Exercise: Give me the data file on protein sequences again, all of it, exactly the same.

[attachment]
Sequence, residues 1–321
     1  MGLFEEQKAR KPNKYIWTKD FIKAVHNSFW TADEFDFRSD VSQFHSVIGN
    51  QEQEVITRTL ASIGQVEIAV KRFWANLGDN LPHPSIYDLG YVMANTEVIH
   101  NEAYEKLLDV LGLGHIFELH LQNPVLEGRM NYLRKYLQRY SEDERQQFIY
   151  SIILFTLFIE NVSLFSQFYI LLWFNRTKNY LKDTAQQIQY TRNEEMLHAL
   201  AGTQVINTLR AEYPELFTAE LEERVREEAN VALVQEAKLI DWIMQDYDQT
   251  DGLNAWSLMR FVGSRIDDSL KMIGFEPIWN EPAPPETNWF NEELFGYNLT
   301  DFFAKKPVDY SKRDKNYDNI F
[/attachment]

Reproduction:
Sequence, residues 1–321
     1  MGLFEEQKAR KPNKYIWTKD FIKAVHNSFW TADEFDFRSD VSQFHSVIGN
    51  QEQEVITRTL ASIGQVEIAV KRFWANLGDN LPHPSIYDLG YVMANTEVIH
   101  NEAYEKLLDV LGLGHIFELH LQNPVLEGRM NYLRKYLQRY SEDERQQFIY
   151  SIILFTLFIE NVSLFSQFYI LLWFNRTKNY LKDTAQQIQY TRNEEMLHAL
   201  AGTQVINTLR AEYPELFTAE LEERVREEAN VALVQEAKLI DWIMQDYDQT
   251  DGLNAWSLMR FVGSRIDDSL KMIGFEPIWN EPAPPETNWF NEELFGYNLT
   301  DFFAKKPVDY SKRDKNYDNI F